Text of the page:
Come to find out, all these years of special projects and leaving class during reading a few times a week was apparently because I had tested into a "gifted and talented" program. I never knew any of this, all I knew was that I got to work on fun special projects a few times a week and work on word problems, mind puzzles, etc. It was a wonderful time.
Once I moved into Middle School, I remember the program changed. It was less project based and more word problems and Mathletes type based. I remember Mrs. Ganadick (sp) working with us. I feel like there was some uncertainty for a bit if the program would remain intact. I remember the program was still given during our Reading/English classes and it began to get a bit more awkward getting taken out of class. I don't remember much about Project Acorn in 5-8 grade, and I honestly do not even remember if we had it all four years. I do remember meeting up in a room in the library and getting to hang out with some of my closest friends. I really do not remember what we did, but I feel lucky to have had the opportunity to work on special projects while in school.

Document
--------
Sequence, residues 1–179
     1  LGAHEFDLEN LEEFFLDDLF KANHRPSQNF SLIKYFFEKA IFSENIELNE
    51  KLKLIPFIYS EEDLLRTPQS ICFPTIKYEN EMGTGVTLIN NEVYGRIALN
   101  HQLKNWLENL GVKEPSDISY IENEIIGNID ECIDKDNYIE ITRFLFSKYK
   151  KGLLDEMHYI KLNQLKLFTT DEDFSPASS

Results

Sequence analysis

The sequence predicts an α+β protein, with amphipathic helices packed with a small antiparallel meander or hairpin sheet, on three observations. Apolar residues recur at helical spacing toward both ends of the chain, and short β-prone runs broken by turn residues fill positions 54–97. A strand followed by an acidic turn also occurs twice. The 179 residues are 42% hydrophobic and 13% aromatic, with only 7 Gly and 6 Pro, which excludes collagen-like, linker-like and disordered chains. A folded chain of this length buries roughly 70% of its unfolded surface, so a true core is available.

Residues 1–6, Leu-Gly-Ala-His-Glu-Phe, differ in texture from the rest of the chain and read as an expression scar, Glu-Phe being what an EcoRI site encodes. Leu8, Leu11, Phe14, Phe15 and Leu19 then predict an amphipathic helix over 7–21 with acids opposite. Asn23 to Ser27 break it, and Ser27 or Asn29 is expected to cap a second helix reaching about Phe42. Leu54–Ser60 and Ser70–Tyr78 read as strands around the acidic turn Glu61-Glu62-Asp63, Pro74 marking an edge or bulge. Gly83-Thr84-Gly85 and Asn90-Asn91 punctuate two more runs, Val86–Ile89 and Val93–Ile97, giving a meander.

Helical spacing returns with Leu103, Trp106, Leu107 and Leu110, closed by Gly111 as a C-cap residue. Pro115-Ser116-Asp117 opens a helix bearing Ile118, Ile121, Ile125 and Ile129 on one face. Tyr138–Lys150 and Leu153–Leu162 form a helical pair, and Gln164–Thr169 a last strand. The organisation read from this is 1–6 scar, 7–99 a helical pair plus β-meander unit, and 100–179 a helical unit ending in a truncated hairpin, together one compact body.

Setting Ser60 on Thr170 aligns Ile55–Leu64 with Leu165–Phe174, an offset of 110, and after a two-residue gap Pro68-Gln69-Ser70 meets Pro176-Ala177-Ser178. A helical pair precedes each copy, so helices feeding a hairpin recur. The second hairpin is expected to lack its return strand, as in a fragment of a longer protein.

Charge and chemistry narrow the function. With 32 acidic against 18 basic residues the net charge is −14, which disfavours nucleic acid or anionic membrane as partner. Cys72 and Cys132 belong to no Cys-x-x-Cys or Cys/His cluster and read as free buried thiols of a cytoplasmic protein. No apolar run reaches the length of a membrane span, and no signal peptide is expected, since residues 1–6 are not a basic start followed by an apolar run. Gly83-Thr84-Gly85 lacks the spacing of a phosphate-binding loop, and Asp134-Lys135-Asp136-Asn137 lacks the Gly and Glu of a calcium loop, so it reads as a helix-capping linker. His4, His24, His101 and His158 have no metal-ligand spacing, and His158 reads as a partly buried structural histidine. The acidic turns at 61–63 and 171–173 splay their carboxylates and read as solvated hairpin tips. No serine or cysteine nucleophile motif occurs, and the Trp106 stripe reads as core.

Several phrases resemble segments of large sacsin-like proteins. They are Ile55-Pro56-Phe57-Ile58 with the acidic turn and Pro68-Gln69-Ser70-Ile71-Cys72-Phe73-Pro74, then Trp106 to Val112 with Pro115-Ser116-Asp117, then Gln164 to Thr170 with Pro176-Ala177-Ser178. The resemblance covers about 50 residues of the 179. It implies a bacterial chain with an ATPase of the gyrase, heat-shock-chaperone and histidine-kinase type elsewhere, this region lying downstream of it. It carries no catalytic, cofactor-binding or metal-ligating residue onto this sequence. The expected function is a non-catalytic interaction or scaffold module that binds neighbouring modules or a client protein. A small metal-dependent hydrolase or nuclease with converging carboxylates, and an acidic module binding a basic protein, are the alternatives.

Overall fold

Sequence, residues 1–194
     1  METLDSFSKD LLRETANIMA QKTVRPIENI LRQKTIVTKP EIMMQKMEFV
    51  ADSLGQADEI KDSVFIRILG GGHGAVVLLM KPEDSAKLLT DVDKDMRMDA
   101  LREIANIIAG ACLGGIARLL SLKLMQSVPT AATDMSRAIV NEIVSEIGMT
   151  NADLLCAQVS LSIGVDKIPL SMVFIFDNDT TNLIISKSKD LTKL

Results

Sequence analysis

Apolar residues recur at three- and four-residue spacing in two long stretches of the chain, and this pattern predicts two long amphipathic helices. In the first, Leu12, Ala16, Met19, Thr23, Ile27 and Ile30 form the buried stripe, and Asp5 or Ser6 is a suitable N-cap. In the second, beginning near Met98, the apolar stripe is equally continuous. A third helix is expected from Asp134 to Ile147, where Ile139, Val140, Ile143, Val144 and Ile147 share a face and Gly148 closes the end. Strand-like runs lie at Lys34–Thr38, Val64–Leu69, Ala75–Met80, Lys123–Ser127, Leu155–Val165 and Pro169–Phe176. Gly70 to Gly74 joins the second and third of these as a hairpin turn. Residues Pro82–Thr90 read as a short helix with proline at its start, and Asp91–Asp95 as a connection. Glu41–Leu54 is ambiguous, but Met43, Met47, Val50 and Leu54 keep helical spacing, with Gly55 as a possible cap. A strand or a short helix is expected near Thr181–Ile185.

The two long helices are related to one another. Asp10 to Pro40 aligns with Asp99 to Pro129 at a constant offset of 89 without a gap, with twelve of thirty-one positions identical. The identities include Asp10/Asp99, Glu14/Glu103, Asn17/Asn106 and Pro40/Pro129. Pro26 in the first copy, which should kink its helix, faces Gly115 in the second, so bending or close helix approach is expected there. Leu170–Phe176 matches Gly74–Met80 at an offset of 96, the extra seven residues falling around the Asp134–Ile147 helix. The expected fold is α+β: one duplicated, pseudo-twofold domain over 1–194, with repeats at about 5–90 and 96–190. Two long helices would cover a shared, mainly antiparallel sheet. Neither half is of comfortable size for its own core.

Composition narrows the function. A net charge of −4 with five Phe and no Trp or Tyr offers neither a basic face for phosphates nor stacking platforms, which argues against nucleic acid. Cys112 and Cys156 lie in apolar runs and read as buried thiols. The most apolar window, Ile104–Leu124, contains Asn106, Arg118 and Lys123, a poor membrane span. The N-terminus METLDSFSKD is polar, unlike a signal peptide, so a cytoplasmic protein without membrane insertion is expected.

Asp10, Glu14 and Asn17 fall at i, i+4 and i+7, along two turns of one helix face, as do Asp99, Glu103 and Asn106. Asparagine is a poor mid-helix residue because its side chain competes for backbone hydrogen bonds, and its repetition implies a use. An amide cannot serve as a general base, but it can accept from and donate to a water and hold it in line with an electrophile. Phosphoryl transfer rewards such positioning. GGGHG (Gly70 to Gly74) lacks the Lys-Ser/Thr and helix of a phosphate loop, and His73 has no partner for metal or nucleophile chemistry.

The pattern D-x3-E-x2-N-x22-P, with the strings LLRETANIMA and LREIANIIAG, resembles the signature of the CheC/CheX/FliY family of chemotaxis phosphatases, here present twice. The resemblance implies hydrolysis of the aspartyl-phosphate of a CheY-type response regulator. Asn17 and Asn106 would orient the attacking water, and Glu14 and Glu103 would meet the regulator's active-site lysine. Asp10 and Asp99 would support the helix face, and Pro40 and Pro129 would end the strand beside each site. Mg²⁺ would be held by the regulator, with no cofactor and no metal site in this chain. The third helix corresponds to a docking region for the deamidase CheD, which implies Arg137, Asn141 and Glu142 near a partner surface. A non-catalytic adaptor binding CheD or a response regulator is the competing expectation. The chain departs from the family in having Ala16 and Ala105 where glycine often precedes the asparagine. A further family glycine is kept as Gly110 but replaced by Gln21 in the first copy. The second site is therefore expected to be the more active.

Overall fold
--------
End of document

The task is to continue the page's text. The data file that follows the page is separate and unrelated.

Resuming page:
In Whitin School, I was introduced to the wonderful world of science fairs. In 5th grade I remember doing an astronomy based project. To this day, I am still super impressed with my 5th grade project. I made a solar system, of course. I bought styrofoam balls and painted one like each planet and then one as the sun and used wooden pegs to make a real revolving solar system (thanks dad). What I think I was most proud of, however, was the night sky my dad helped me build. We used half of a cardboard barrel and screwed it to a flat board. We then cut a hole in the back to insert a flashlight. My dad then drilled holes in the barrel. When we shined the flashlight through it was like a planetarium, almost. When you turned the lights off, you could see the constellations shining through. My parents probably helped me more with these projects that I could ever remember. I just remember thinking they were the coolest things ever!
In sixth grade some of my friends and I decided to have our entire project based on potatoes. We decided to think of as many uses as possible for potatoes. Including a potato clock, potato stamps, etc. I remember loving all of these project based science projects and wish more than anything that I had found a way to keep it up in my every day life.